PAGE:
I'm making a game where players build walls and move their pieces to try to be the first player to reach their target square. Essentially, it's a checkerboard, and players can build walls on the segments between adjacent squares to impede their opponents' movement. The one catch is that you are never allowed to place a wall in such a place as to permanently prevent a player from reaching his target square (ie. there must always be a legal path from each player's current location to his target square).
Now, I've played around with ANNs before, for class projects and such, but this is the first time I've ever tried applying it to a real-world situation, and I need some advice. The ANN's job is to check every time a player attempts to place a wall, to ensure that the new wall doesn't violate the "legal path" rule. Previously, I applied a Genetic Algorithm, the idea of which was taken from Mat Buckland's "AI Techniques for Game Programming" (copyright 2002) and encoded movement instructions into genomes and bred them to find solutions. This worked well enough, until the mazes started to get really complicated, with lots of backtracking and winding around. Now, I want to try an ANN, to see if it might provide better results. My questions relate more to the design of the network as opposed to the construction of it.
Primarily, I'm having trouble determining what the network inputs, outputs, and weights should represent. Should the inputs be the current state of the checkerboard (ie. which walls have been placed and which haven't, and the current location of the player in question), and should the weights represent the proposed movement instructions that will lead the player to his target? If so, the input layer would be very large. What would a hidden layer contribute to this setup? What would the output represent? This leads me to the question of how many outputs I would need, and what they would represent. If I assign each genome 40 movement instructions to try to find a solution, would I want 40 outputs instead, or would I want 40 weights? What would the inputs in either of these setups need to be?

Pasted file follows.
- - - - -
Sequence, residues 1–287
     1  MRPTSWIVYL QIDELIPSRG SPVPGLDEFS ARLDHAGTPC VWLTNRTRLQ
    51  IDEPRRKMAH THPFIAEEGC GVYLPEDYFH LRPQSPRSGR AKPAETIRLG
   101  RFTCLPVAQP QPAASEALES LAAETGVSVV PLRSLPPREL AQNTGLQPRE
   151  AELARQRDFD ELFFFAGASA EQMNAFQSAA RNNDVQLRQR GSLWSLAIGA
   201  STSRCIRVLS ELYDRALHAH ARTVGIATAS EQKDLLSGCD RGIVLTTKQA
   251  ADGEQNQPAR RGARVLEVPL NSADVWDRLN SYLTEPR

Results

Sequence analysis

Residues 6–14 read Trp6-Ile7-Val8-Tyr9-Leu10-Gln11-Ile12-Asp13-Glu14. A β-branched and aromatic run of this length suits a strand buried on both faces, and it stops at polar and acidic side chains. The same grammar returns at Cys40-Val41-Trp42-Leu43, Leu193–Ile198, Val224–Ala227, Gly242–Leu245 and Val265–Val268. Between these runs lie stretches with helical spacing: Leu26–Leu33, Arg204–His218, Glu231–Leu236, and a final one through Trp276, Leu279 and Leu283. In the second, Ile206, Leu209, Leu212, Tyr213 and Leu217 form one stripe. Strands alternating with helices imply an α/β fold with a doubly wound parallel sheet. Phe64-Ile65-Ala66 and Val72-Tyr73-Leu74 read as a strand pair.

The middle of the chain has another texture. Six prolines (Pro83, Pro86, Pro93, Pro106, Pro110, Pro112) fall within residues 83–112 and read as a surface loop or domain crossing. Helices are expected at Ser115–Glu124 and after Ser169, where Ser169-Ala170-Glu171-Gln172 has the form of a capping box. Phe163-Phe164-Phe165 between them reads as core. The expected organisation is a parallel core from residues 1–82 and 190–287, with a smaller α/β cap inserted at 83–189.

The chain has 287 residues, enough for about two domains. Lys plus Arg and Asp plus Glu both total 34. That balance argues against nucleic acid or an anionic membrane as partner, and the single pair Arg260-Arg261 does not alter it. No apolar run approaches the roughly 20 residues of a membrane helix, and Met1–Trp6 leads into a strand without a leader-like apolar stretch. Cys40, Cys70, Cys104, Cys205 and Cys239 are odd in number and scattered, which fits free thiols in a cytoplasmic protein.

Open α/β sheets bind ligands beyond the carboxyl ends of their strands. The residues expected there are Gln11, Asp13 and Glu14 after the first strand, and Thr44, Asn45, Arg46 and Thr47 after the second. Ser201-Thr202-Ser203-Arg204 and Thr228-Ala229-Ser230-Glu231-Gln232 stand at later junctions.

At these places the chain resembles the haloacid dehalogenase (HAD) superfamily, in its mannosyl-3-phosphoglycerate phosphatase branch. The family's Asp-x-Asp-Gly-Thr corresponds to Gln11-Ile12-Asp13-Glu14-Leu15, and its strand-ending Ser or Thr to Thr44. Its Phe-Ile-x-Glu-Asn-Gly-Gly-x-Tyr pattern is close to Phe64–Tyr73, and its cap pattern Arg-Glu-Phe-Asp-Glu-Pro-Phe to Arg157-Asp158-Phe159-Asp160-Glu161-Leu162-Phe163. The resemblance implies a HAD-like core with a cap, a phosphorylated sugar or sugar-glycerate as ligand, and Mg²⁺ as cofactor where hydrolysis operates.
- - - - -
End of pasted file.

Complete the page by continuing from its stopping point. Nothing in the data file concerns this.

In addition to those questions, can you offer any advice as to what activation functions would be best to use? Is there a "right answer" when it comes to picking activation functions, or is it just a matter of trial-and-error?
As you can see, I have many questions, and more. I would try it out, but each time I come up with a theory on how to design the network, I find some flaw in the idea that seems to make it an unreasonable theory. Any help or insight you can offer would be greatly appreciated.